You can’t automate the process of finding and fixing Deadly Waste. It’s case by case and pops up anywhere.
If you research the Deadly Wastes, you’ll often find just 7 of them. Talent was added last, and still doesn’t get the credit it deserves. We can nitpick about fighting Waste all we want, but engaged workers are the only tool to get you there.
Your construction project is an ecosystem of interconnected partners, each relying on the other to be able to do their job. The paradox is that while you’re thinking about the overall project health of the project, they’re thinking about getting their part done, so they can move on.
Lean Thinking prioritizes value of the customer over individual stakeholder needs. Encourage your contractors to feel more engaged in the process, and to think of their list of tasks as a list of commitments to perform, in order to add value. It’s a subtle shift with massive process improvement implications.
It Starts at the Beginning:
Empowering your workers to fight Waste starts at the beginning. Hire people for their attitude and outlook, not just for the skills they come pre-packaged with. Having a knack for quick framing won’t matter much if they don’t notice the defective measurement that will require a costly fix down the road.
Make the kick-off process more than a “Hu-ah” and handing out documents. Talk about the Wastes and give everyone the right to be a leader in identifying them, no matter how small or who may be at fault.
Everyone plays a skills-based role, but that should only be a part of their investment. Hire them as individuals first, skills second, and continue respecting them for the ideas they bring forward. If workers don’t feel respected, they’re unlikely to think about what’s bugging them, let alone report it. When a worker has an idea, engage them in dialogue about the pros and cons. Don’t brush them off with, “Thanks for that,” and walking away. Respecting them by listening to them will incentivize them to talk to you and is more likely to save you costly Deadly Wastes.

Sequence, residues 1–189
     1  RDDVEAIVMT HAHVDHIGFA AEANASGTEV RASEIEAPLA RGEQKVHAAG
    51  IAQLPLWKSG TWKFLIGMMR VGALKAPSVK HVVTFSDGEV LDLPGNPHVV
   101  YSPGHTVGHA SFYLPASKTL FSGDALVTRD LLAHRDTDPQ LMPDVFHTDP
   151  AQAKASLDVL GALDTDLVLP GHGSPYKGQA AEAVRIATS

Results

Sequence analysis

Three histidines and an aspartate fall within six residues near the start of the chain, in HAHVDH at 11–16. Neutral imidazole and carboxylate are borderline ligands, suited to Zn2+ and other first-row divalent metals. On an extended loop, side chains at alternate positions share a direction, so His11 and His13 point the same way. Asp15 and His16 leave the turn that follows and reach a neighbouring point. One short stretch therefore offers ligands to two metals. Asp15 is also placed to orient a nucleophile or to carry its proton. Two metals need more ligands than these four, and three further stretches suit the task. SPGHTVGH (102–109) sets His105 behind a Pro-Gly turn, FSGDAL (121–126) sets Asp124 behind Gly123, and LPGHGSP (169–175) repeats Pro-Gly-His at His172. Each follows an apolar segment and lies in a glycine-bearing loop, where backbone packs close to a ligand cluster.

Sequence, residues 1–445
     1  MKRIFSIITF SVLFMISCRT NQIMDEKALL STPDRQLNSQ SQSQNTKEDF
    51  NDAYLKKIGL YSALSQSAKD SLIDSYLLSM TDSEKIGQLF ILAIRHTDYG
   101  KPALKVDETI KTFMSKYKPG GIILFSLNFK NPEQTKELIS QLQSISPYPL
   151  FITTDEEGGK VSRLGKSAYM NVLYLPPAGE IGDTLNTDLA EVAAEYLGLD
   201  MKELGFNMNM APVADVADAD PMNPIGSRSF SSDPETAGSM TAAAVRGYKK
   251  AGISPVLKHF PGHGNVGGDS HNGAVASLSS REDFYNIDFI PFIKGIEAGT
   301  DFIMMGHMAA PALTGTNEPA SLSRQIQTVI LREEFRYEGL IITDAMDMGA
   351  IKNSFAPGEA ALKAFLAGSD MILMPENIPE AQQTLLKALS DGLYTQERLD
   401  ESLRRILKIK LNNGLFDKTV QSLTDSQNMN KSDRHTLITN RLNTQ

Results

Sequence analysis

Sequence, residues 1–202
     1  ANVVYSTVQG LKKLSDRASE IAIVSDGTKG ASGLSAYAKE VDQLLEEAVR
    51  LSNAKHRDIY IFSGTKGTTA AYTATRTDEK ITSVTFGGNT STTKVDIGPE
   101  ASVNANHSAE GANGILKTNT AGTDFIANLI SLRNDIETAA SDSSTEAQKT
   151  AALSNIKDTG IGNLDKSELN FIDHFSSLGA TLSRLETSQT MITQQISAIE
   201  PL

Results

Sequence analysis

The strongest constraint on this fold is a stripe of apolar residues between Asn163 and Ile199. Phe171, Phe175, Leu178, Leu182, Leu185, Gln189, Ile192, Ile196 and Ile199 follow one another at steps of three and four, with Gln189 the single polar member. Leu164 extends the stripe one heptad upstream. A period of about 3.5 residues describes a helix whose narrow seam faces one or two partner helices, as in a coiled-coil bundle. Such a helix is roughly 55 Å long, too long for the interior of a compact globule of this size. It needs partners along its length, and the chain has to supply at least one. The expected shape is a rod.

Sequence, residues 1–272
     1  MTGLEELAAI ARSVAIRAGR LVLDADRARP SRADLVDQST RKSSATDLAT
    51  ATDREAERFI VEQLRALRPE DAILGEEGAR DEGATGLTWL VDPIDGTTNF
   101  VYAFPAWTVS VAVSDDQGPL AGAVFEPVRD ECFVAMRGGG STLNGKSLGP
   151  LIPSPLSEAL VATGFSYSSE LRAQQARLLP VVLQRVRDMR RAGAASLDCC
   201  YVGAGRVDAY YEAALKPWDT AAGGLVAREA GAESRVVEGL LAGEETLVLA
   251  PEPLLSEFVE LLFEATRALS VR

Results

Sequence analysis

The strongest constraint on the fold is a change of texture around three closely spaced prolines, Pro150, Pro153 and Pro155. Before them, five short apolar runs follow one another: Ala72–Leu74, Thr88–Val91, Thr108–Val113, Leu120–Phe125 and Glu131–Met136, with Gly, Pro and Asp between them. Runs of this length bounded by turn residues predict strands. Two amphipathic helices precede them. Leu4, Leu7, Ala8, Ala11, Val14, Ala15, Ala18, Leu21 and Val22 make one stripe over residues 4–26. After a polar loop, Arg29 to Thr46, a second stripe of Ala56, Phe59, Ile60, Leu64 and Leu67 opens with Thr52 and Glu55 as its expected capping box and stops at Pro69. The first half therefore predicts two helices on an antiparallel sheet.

Of course, it’s not all up to you. Train your foreman and other managers to respect their crews in the same way. Put real consequences in place for workplace disrespect, no matter who it’s between.
The Importance of Talent:
When it comes to Waste, materials and processes get the lion’s share of attention. But our businesses were born, built, and grown on human creativity.
Talent Waste is the hardest to measure. We can measure other Wastes by what we throw away, spend on extra time, and have to repair. The best way to measure Talent Waste is to not ask what’s costing your business, but to ask where your business could be if your workers’ Talent wasn’t wasted.
An engaged, vigilant workforce is the only tool you need to crush the Deadly Wastes and open new realms of profitability, but you can’t legislate or delegate engagement. It starts from the top and must continue to flow from the top, no matter how bad of a day you’re having.
See our previous article on Talent Waste here.